Guest Blog by Vionna Adams, a recent graduate of the Hay There Social Media Training Program

Both my husband and a friend/colleague of mine have commented on how I am able to compartmentalize. I had never thought about it, but it’s true. I have the ability to separate my personal and professional lives.

Let me be clear: I have never tried to hide the fact that I am a mother or have outside interests from coworkers, but I would try to keep work at work. Rather than bring work home, I would prefer to stay at the office late on occasion. Mainly because I have found it difficult to get back into work mode at 9 p.m. after my girls went to bed. Plus, I wanted my home to be home and not sort of where I also work. That strategy worked for me for a long time.

Things started to change when my youngest daughter transitioned from daycare to preschool.  The preschool had during-the-day events for parents like holiday concerts, luncheons and a Harvest Day parade. This created an internal conflict for me: I wanted to be able to share these experiences with my daughter, but I didn’t want to have to rearrange my work schedule to do it. Mom guilt won out. I attended the events, and I was always glad I did.

Meanwhile, my oldest daughter had transitioned from preschool to elementary school. Again, most opportunities to be involved as a parent occur during the day. I wasn’t able to attend PTA meetings because of a conflict with a regular work meeting, but I made the commitment to read to the class once a month. Baby steps.

But what has really started me on the path to integrating my work and life is that my family has moved a few times for my husband’s job. We are currently living in California, having moved here from Michigan. I resigned from my position at a great company in Detroit. It was 2018, and I just assumed continuing to work for the company as a full-time remote worker was not going to be possible. I didn’t even bring it up. I had lined up a new job with a reputable company in our new town, so I didn’t think it would be a big deal.  The truth is, it took me a while for me to find my niche here.

My experience in California is similar to the experience I had when we moved to Michigan from DC in 2010. At the time, I was self-employed in an industry that relied on face-to-face interaction, so I closed up shop and started the slow process of establishing myself (professionally) in a place where I had limited connections.

We could always move again, and the pattern will repeat itself.

Since I have been able to let go of some of my hang-ups about working from home, working flexibly and changing my mindset about this integration, I’ve begun to see the other benefits it can bring to my life.

I have to find a way to work flexibly, integrating my work and my life.

It will allow me to take longer trips with my family. If I can work from anywhere, the amount of PTO that I have accumulated will not determine how long our family trips can be or how many trips we can take. I could even spend a few hours with my husband on Fridays, his day off, during the day while the kids are at school. And if we move again, I will be able to continue in the same role, eliminating the need to start over.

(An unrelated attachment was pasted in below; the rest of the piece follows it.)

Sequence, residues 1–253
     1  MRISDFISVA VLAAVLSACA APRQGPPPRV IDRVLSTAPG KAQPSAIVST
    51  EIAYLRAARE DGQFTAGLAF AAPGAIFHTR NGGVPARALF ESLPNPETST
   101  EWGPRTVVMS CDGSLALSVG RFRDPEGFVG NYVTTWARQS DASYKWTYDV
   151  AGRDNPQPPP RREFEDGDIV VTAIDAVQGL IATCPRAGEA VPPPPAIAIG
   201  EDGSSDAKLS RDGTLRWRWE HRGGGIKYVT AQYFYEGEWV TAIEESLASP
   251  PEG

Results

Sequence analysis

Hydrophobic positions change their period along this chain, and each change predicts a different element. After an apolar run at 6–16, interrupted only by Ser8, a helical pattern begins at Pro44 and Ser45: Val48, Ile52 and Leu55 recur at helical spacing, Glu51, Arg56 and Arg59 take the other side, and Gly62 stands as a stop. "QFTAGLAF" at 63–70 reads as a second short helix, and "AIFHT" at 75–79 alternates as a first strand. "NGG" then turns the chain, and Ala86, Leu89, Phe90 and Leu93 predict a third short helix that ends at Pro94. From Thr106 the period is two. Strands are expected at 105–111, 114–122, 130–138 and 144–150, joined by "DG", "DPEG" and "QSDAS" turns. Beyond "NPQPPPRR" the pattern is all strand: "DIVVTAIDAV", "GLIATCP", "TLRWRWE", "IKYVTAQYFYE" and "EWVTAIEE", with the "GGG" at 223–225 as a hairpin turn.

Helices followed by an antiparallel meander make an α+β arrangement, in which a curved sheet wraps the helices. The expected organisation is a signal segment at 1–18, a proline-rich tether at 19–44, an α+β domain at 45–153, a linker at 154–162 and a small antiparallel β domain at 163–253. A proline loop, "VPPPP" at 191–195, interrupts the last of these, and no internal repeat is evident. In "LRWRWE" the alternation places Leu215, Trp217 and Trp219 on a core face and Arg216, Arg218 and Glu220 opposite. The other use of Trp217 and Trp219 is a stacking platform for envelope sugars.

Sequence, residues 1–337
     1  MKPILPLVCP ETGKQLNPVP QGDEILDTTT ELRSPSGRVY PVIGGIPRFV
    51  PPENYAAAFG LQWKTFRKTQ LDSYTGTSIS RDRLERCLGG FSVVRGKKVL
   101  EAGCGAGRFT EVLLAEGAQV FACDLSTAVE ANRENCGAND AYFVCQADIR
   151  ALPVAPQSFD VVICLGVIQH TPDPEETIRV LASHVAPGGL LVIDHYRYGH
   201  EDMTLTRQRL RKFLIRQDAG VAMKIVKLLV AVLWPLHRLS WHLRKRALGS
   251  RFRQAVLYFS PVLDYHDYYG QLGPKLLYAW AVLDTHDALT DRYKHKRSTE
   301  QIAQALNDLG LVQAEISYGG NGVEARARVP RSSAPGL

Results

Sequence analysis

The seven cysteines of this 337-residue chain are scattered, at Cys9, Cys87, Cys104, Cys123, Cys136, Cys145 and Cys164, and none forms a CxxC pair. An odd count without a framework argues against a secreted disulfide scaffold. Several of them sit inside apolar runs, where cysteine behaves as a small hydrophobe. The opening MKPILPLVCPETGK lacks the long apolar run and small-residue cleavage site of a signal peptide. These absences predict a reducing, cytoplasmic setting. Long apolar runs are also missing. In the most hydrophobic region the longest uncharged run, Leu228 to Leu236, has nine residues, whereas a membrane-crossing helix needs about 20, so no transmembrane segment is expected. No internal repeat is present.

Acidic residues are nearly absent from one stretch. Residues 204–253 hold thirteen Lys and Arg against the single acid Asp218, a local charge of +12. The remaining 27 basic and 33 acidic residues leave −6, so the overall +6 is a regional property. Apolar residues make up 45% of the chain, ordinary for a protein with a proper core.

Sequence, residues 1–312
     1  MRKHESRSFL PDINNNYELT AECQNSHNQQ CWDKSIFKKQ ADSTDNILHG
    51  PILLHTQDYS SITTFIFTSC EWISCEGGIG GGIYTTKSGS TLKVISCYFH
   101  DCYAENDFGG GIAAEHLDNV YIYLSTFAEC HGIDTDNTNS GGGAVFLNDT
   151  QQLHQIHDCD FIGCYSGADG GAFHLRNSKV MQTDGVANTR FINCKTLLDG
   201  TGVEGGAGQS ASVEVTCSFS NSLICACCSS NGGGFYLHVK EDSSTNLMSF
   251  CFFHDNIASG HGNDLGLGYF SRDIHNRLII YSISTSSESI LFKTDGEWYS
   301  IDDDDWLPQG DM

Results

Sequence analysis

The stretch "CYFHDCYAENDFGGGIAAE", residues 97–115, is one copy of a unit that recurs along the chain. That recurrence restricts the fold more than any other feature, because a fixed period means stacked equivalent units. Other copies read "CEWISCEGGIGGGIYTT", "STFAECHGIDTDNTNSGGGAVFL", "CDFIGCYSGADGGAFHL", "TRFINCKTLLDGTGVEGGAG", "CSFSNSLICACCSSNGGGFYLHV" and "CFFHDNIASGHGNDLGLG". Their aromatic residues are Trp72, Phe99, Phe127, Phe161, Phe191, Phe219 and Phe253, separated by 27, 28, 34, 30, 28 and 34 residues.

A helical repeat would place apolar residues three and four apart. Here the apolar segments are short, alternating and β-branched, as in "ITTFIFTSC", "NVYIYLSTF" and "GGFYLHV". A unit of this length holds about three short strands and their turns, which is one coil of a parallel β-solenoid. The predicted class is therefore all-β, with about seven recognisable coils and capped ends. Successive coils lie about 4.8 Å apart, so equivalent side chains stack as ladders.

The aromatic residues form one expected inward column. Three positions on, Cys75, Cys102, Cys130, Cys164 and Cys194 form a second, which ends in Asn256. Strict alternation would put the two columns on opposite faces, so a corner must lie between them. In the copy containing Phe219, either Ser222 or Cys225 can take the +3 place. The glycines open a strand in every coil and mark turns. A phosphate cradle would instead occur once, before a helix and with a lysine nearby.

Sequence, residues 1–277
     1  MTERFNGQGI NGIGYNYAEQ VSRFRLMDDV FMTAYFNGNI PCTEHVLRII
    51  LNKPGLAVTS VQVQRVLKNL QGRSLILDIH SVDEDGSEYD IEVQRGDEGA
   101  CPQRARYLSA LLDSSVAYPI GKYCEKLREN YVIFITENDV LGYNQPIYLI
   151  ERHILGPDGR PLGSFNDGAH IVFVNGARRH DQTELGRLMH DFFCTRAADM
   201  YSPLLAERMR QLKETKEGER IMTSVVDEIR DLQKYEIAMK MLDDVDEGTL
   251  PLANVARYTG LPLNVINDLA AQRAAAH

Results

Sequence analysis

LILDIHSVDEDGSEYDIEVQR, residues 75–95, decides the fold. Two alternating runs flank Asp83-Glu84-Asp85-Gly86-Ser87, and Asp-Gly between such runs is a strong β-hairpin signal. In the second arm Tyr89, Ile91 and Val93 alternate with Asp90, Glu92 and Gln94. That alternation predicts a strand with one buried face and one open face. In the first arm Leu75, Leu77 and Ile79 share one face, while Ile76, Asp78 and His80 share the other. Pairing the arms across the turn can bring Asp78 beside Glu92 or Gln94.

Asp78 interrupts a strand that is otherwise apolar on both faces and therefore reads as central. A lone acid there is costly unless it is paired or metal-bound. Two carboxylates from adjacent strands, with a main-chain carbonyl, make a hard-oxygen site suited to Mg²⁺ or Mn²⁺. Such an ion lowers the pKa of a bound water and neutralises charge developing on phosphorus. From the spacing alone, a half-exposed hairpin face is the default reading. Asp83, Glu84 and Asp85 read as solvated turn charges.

It’s going to be a work-in-progress for me, for sure. Going from a regular 8 a.m. until 5 p.m. office job to a flexible career will require me to change my mindset about work. Those concerns I had about making up time because I left work to attend an event-those were self-imposed. My managers have always been supportive, and as long as my work got done, no one said anything.

Usually, if I have work to do or an article to write when the girls are home, I ask my husband to watch them or I shut myself in a room with the door closed. I find it hard to concentrate if I can hear them playing, arguing, or watching TV. And if I am in sight, they feel free to interrupt me — often. (You know how that is.) Right now, I am writing this in the kitchen while they are playing a few feet away from me. I will be really surprised if there are not Kidz Bop lyrics inadvertently written into this post.

Of course, this past year, like many of you, I have been forced to figure out ways to work flexibly. I have been working from home, and sometimes my girls are doing distance learning here, too. My oldest daughter is going to school full time, but the after-school program is closed, so I take a break in the afternoon to walk home with her (which has become the highlight of my day) and help her with homework. (Chatting with a 7-year-old about her day is a lot of fun!)

Plus, I really want for my girls to see me working in a way that does not make them think work is something to dread or is something that limits the amount of enjoyment they can get out of life. Most certainly, I don’t want them to think I prioritize working over spending time with them. I hope they will grow up seeing that work is just one positive aspect of life.

I also think if work is integrated into my life, it will no longer feel like work. So that is my goal:  To have more control over my schedule (and my life) and enjoy a sense of freedom so that I can be the best mother, wife, professional and person that I can be.

Vionna Adams is a recent graduate of the Hay There Social Media Training Program. She lives in California with her family. In addition to being an engineer and planner specializing in urban development, she is also a project manager, author and a social media consultant. Connect with her on LinkedIn and Instagram.

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